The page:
Did 'brutal' cuts cause West Coast rail fiasco?

Whitehall insiders claim the Coalition's own austerity drive could have landed the taxpayer with a £100m bill. Oliver Wright reports

More than 30 senior civil servants in the Department for Transport, including some with direct responsibility for franchising, were axed in the run-up to the West Coast Main Line fiasco, The Independent has learnt.

Documents show that dozens of directors in the department were "eliminated" as part of an aggressive cost-cutting programme, while another 400 more junior posts were closed.

Insiders believe that the speed and scale of the staff reductions – alongside cuts in financial consultancy spending and the introduction of a new, "fiendishly complicated" 13-year franchise agreement – led to the mistakes, which are set to cost the taxpayer more than £100m. All three areas are to form part of the department's inquiry into what went wrong. Patrick McLoughlin, the Transport Secretary, will update Parliament today on the investigations into the fiasco and announce details of what will happen to the West Coast franchise after 9 December, when Virgin's contract officially runs out.

Senior department officials have been in discussions with Virgin about giving the company a temporary extension to run the line while the franchise process is rerun and two inquiries establish what went wrong. He is likely to confirm this extension today. The inquiries, whose terms of reference are also expected to be published today, will focus their attention on what Mr McLoughlin has described as "a number of serious mistakes" that were made in the franchising process.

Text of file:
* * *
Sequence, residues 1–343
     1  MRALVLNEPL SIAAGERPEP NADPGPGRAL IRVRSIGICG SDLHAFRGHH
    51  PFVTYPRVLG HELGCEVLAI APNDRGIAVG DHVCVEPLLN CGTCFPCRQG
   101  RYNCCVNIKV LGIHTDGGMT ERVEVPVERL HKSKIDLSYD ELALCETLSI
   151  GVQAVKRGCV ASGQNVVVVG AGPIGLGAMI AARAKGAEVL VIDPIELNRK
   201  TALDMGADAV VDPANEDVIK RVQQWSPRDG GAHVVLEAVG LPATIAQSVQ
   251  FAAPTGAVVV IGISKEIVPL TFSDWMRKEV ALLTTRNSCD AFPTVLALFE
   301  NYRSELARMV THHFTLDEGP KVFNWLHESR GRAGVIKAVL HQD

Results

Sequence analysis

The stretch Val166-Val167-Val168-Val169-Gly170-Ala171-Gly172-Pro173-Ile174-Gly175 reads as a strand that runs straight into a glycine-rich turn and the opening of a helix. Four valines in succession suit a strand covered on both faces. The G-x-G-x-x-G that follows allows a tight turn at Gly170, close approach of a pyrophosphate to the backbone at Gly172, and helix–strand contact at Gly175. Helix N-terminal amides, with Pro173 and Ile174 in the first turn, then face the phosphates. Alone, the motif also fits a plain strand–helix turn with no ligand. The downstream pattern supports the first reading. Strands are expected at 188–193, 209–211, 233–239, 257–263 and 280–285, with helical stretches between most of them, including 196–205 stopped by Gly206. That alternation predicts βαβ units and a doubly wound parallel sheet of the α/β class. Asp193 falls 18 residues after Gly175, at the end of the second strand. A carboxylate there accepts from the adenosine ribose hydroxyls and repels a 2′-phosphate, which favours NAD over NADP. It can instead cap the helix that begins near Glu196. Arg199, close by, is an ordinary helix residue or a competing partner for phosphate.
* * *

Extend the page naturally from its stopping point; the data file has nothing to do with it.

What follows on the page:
But they are also expected to examine the wider problems in the department, including staff and consultancy cuts. Among the posts abolished in the restructuring programme was the Director of Procurement – whose role was to oversee the franchise agreements. The directors of Rail Strategy and Rail Contracts, both of which would have had a role in the process, were also axed.

Two other senior posts which dealt with finance were lost in the cull, which saw many responsibilities merged and teams shrunk. Hundreds more junior staff lost their jobs.

Kate Mingay, the most senior civil servant suspended for her role in the franchise decision, had previously been head of Corporate Finance in the department but as a result of the restructuring was given additional responsibilities for rail contracts, procurement and commercial services. At the same time, Department for Transport board minutes from 2010 show that senior officials believed they could have some "quick wins" by cutting consultancy spending.

However, they admitted that other cuts in external support would have "some inevitable implications on prioritisation of expert support".

In the case of the West Coast Main Line, this is thought to have included not hiring external financial consultants to do an external audit of the department's assumptions and calculations in awarding the franchise.

It is understood to be these problems in financial modelling that led to the scrapping of the decision to hand the franchise to FirstGroup ahead of Virgin Trains. One source, with extensive knowledge of the department, told The Independent: "We always thought the cuts would mean something had to give. We didn't know it would be this bad."